The adage that a rider needs to get right back into the saddle after a fall takes on greater dimension as we get older. After a certain age, our brains seem to work better than our bodies. We really start thinking about the consequences of a one-point landing.
It’s not just a fall that may disrupt our confidence but a change from our usual mount or anything that keeps us out of the saddle for a period of time. If we’re switching from a familiar older horse to a livelier younger horse, or if we just haven’t ridden for a couple months, it can take conscious mental effort to start riding again that we didn’t seem to need when we were 12 or 20 or even 40.
The fear of falling may not even be as much of a concern as the lack of confidence in our own physical abilities. We may no longer be able to mount from the ground or even that easily from a mounting block if the horse starts to move away. Shying seems to send the horse’s body one direction and ours another, where 10 years ago shying just didn’t seem like a big deal. Landing after a jump seems to be more of a jolt than it used to, as does a sitting trot.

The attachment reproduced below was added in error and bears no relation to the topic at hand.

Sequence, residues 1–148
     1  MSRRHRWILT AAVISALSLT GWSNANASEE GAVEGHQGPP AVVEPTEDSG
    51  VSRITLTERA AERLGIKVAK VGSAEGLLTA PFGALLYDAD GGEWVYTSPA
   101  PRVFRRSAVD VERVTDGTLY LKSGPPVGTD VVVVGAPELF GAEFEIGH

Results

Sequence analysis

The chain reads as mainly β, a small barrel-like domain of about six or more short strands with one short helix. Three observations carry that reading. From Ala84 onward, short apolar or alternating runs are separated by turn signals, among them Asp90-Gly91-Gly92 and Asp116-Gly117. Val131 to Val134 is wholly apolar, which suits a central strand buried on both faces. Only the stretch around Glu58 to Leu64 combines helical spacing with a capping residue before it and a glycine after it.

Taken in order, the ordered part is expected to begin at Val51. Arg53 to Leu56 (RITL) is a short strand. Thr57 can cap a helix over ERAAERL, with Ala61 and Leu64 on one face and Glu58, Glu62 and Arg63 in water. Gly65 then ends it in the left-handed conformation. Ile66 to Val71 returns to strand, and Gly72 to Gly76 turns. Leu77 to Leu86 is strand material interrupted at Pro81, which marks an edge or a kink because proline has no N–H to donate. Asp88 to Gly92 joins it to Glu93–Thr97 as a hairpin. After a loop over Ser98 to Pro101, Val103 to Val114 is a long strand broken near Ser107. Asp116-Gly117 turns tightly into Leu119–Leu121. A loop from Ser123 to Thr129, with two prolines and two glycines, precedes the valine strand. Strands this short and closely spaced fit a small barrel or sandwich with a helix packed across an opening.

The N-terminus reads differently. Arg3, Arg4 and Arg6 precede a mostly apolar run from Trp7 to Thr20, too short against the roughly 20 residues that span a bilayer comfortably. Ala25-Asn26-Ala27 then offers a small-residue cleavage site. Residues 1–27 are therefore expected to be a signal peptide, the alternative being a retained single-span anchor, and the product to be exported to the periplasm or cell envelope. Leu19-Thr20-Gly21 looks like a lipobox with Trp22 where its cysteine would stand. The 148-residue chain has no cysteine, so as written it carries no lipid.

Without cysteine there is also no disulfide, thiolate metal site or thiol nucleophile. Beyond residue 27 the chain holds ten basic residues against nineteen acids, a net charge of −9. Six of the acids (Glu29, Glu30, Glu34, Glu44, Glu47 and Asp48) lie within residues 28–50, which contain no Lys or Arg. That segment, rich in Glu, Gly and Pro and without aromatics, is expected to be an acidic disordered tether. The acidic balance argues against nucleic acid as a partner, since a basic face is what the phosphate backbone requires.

When we don’t trust our own bodies, it’s harder to trust the horse’s. From middle age on, riding one horse a day just isn’t enough to keep us fit. If we want to ride with confidence, we need to have other physical activities such as swimming, tennis or just brisk daily walks with the dog.
In addition to keeping fit, finding the right horse to match our physical ability and confidence level becomes even more of a priority. We aren’t likely going to be bringing along a youngster.
We need a horse that makes us want to go to the barn every day, a horse that is as much a friend as it is a mount, who looks forward to lessons and trail rides as much as we do. Fancy gaits and a pretty face aren’t nearly as important as a trot we can sit and ears that prick forward when we enter the barn.
We need our human friends to keep us going as well, the kind who have a sweet horse in their backyard named Bubba or Daisy. You’ll have gained five pounds after a month of not riding, and they’ll run into you coming out of the deli with a chocolate ??clair in your hand. They won’t say: “Gee, we should go for a ride together sometime.” They’ll say, “What time are you coming to ride Bubba tomorrow’” And then, the next week they’ll help you find a Bubba of your own.
– Margaret Freeman